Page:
Not a problem for Dave and Fernando, the classical nerds. We were taken, single file, through a mill on the flank of the Tenza, currently under extensive reconstruction. This beauty had formerly housed both grain mills and a frantoio, an olive processing facility. At one time scholars thought that the Romans had barely discovered the concept of the water wheel as a source of power, despite the fact that the Roman architect Vitruvius gives us a detail description of just such a mill. But in the last thirty years we have come to understand that water mills were everywhere in the Roman world, even along the Tiber River in the environs of Mater Roma herself. During the siege of Rome by the Goths, the barbarians destroyed many of these mills in an attempt to starve out the Romans. The brilliant Byzantine general Belisarius simply floated water mills in the middle of the Tiber and allowed the current to turn the wheels.

But these mills were unusual, though hardly unique, in being side-shot wheels. A bit of explanation: water wheels come in three flavors, the overshot wheel familiar to many of us, where a flume directs water from some distance upstream across the top of a wheel with vanes, and the force of the water and its dead weight turn the wheel, a motion which is transferred to a spindle and ‘geared up’ with a crown-and-pinion gear to make the stones above rotate. The second configuration sends the water under the wheel to turn the wheel in the opposite direction. Slower and less powerful, since it is simply the current of the water that moves the wheel, but much simpler since it requires no flume.

And then there are those situations where the force of the water is so great that a short, closed flume directs a jet of water to the side of a turbine and thus eliminates the need to transfer the vertical rotary motion of the wheel to the horizontal rotary motion of a spindle, as well as any gearing. I’ve only seen one such mill back in the states, a beautiful if decrepit old mill out in the boonies of Greene County, Tennessee where we used to live. The facility in Campagna had three such mills in series, one of which apparently was used to process olives. You see, before olives are pressed to remove the juice, they have to be mashed up, and long before the Romans, the ancients were using rotary mills with massive vertical millstones to effect this process. There are many places even today where such mills continue to be used. But I have never before heard of one operated by a water mill.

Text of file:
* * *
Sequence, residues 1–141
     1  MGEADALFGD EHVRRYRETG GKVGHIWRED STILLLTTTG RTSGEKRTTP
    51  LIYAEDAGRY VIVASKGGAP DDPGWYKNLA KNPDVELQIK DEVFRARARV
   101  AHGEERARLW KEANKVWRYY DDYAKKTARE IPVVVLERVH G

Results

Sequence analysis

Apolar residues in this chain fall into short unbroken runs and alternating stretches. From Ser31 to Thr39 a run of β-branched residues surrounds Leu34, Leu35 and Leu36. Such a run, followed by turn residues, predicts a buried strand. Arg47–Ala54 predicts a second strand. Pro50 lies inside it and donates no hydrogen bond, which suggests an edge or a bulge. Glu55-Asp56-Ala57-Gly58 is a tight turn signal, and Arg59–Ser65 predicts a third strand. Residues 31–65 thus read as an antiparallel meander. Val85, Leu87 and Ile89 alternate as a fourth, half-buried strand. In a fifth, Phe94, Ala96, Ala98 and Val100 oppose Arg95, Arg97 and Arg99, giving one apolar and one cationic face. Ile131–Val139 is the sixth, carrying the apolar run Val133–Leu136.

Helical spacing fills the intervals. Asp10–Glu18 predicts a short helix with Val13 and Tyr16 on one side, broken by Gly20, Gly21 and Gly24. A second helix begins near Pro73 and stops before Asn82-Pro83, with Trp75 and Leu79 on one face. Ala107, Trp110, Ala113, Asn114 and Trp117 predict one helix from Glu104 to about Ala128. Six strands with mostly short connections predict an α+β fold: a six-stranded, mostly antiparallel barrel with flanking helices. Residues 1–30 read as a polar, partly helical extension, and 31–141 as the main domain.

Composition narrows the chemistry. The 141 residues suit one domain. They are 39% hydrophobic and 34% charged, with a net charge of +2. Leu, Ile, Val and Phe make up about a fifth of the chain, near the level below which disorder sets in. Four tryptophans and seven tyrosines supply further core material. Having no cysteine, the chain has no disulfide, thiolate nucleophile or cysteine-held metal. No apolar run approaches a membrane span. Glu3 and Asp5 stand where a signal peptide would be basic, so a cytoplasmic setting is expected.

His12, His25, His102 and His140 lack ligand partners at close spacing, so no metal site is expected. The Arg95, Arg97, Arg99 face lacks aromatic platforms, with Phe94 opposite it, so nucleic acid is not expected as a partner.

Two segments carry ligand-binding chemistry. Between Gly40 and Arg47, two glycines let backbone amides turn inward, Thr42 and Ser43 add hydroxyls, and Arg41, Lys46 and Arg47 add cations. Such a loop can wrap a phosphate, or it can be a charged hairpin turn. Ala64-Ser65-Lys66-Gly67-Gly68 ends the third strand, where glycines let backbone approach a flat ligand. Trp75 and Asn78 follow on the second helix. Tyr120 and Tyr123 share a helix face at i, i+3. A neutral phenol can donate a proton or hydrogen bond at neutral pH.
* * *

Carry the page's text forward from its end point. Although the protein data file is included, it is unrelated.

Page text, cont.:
A jaunt to the other side of the piazza led us to yet another mill, much smaller, but here part of the actual wooden turbine was still preserved, complete with its canted vanes. (Look in the background of the picture.) Dave and Fernando were in heaven.

A quick tour through the lower level of the Basilica for a nod to the Monte delli Morti, Mountain of the Dead, and we all raced up to the corso of the town to await the big event. It seems that in olden times, several of the flumes which operated such mills could be closed off and diverted to direct their powerful jets through the streets of the town. Considering the general level of sanitation of Medieval towns, this was a cheap and effective way to clean the filth from the streets. A banner would be hoisted above the town to alert the populace to the coming torrent, a signal would be given, and the flood would follow. So you can imagine our anticipation when we saw a trickle of water round a curve further up the corso and head our way. We tore off our shoes and braced ourselves for the onslaught. The trickle became a flow, the flow grew to two inches, three, four....and there it stayed! And the fun began. The good citizens of Campagna, men, women, and bimbi of all sizes and varieties, waded through the street, laughing delightedly, kicking water on friends and strangers alike, scooping up water in plastic buckets to more effectively soak their neighbors. It was hard to tell whether adults or kids were having more fun. The three of us waded up the hill to see where the water was burbling up through a large grate in the street and then slowly waded back down till we came to a local trattoria selling delicious fritters, pezelle, made with zucchini flowers, and little homemade pizza pockets, sciurilli, along with a refreshing nonalcoholic aperitivo containing fresh fruit.

So, go on with yo bad sef about that Pamplona business. Sho nuff, now! Dave and Sandy have faced the terrifying onslaught of the mighty waters of the Tenza and lived to tell the tale. Were we disappointed that our excursion didn’t involve a bit more danger? Let me put it this way. Where but in Italy could they turn street-cleaning into a festival, and one fun for the whole family? “L’aqua e vita a gioia” says the flyer for the festival. “Water is life and joy.” Indeed it is. I do have one small regret; I’m convinced that if the good citizens could have generated just two more inches of water, we could have experienced the world’s longest water slide. And coasted half way home to Agropoli.